€950,000 interim settlement for child with neurosensory and neurobehavioral difficulties
We achieved an interim settlement of €950,000 in a birth injury case involving a young boy with neurosensory and neurobehavioral difficulties.
The Plaintiff’s mother experienced a prolonged labour. After a number of hours, the CTG trace became grossly pathological. Active pushing then commenced and an alleged forceps delivery was attempted, which was unsuccessful. Following this, the Plaintiff’s mother was transferred to theatre, where a kiwi cap was applied to the infant’s head. After 6 -7 pulls of the kiwi cap and aided by an episiotomy, the infant was finally delivered.
The infant was born in an extremely poor condition with very low Apgar scores and his cord blood gases were consistent with birth asphyxia. The infant had seizures, which required anticonvulsant medication. He was diagnosed with hypoxic ischaemic encephalopathy (HIE) and he thankfully received neonatal therapeutic hypothermia treatment (cooling treatment).
We engaged an expert obstetrician who concluded that the Defendant, among other issues: i) failed to respond appropriately to the pathological CTG trace, ii) failed to deliver the infant by caesarean section within 30 minutes from the time of the trace and iii) persisted unreasonably in delivery of the Plaintiff through the use of a kiwi cap, in circumstances where 3 pulls of the cap did not result in delivery.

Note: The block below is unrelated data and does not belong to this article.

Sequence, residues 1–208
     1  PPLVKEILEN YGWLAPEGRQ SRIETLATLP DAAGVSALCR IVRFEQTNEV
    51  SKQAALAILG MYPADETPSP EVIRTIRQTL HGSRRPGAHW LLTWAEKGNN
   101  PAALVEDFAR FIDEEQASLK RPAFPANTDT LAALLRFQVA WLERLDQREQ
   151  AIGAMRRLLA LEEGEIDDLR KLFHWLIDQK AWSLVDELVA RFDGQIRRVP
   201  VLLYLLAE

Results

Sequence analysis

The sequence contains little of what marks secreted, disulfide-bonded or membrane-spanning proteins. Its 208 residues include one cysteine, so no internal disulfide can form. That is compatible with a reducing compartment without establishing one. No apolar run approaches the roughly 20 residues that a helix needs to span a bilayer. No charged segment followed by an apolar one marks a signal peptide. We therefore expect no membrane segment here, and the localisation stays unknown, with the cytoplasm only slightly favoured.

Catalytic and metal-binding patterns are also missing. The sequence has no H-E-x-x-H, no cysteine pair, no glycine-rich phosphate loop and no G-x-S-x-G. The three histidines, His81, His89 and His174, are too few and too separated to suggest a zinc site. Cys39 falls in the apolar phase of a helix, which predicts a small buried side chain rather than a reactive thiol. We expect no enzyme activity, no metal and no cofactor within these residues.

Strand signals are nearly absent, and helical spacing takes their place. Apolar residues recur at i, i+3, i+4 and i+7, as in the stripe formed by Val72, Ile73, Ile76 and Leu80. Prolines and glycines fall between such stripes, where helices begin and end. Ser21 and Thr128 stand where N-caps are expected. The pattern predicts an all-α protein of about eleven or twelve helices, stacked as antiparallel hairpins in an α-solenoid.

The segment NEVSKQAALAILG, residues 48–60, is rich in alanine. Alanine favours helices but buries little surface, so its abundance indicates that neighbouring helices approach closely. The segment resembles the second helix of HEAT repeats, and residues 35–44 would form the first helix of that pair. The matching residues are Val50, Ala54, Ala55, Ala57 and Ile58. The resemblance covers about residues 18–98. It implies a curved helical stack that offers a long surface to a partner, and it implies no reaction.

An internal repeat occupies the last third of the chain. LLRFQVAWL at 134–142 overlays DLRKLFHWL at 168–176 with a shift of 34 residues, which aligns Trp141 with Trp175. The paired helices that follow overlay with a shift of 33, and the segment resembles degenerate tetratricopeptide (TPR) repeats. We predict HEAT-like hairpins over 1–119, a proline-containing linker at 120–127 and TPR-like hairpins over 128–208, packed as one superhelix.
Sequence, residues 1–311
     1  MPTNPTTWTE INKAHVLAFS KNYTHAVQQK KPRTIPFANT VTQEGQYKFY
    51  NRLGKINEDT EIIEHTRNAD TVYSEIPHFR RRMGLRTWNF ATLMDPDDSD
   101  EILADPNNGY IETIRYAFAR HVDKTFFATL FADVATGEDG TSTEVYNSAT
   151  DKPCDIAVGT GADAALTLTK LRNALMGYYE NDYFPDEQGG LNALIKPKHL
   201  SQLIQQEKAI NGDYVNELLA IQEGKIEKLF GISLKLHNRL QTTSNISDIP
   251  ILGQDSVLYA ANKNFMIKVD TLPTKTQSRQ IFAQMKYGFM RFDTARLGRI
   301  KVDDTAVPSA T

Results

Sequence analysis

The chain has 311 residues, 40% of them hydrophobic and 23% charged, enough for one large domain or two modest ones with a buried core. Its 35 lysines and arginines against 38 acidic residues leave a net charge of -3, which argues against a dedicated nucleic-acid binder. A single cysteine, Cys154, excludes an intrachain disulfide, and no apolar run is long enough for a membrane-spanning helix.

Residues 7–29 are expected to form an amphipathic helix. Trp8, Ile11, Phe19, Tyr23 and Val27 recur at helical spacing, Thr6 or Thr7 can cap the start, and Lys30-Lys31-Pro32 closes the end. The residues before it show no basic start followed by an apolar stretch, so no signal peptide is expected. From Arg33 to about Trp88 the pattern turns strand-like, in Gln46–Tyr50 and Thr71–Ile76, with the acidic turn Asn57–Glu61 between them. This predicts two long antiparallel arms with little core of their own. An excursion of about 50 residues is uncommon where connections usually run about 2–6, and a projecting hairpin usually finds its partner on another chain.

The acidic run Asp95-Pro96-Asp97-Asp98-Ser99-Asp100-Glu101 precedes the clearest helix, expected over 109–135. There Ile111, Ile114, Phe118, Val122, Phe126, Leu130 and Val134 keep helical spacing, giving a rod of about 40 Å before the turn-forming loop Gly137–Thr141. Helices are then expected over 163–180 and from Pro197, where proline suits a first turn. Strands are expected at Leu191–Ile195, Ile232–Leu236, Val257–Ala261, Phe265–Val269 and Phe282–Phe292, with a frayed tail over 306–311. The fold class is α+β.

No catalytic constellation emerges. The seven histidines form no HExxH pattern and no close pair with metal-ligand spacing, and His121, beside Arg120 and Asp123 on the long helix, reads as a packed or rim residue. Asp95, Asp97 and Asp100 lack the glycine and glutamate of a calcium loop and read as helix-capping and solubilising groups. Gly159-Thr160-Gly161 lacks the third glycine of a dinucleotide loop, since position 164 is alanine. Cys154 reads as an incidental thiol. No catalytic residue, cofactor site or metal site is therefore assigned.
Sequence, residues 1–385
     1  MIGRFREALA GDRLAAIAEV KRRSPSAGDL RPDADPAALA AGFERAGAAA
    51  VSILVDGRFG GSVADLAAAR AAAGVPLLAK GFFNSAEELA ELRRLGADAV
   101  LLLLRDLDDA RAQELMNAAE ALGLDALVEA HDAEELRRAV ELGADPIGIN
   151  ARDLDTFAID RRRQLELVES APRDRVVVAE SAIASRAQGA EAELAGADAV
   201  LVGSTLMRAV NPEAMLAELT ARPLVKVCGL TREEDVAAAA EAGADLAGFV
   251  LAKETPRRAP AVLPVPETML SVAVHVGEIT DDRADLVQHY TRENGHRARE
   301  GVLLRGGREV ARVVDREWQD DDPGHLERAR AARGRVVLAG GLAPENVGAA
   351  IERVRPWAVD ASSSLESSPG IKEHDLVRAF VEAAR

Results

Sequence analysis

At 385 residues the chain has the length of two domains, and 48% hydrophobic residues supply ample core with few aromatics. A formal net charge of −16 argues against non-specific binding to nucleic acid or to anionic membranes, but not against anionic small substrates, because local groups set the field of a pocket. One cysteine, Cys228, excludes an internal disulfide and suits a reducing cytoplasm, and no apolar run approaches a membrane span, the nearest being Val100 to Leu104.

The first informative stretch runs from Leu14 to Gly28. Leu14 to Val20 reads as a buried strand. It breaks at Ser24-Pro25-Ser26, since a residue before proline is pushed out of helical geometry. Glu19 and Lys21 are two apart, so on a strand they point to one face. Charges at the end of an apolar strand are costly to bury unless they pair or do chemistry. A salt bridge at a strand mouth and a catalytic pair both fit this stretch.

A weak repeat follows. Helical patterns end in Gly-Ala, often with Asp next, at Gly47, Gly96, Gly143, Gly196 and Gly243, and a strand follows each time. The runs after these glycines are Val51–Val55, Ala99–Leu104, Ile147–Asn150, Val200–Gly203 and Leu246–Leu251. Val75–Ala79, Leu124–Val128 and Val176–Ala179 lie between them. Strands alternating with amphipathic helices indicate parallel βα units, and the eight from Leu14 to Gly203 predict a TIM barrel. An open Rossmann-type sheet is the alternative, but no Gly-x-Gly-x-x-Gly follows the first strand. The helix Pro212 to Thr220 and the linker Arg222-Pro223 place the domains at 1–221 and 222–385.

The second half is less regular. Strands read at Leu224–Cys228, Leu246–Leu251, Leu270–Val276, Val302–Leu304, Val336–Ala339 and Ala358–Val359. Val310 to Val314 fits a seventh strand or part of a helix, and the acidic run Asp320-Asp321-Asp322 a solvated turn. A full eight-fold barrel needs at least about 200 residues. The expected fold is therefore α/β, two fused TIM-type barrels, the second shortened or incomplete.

The Plaintiff experienced physical delays and difficulties in his early years. He continues to suffer from persistent neurosensory and neurobehavioral difficulties, including difficulties with sensory overload, social difficulties, anxiety and hyperactivity.
Further to our intensive review of a relatively new body of medical research and together with a number of expert doctors, we were able to link the Plaintiff’s persisting neurosensory and neurobehavioral difficulties to the HIE injury that he suffered from at birth.
This case was highly fought by the Defendant, however, liability was admitted at mediation, much to the relief of the Plaintiff’s parents.
The Plaintiff was still very young and it was difficult to formulate what his future needs might be. Therefore, it was agreed to accept an interim payment of €1,000,000 and to have the full assessment of damages case heard in 10 years from the date of mediation.
We are honoured to act for this young boy in this novel case.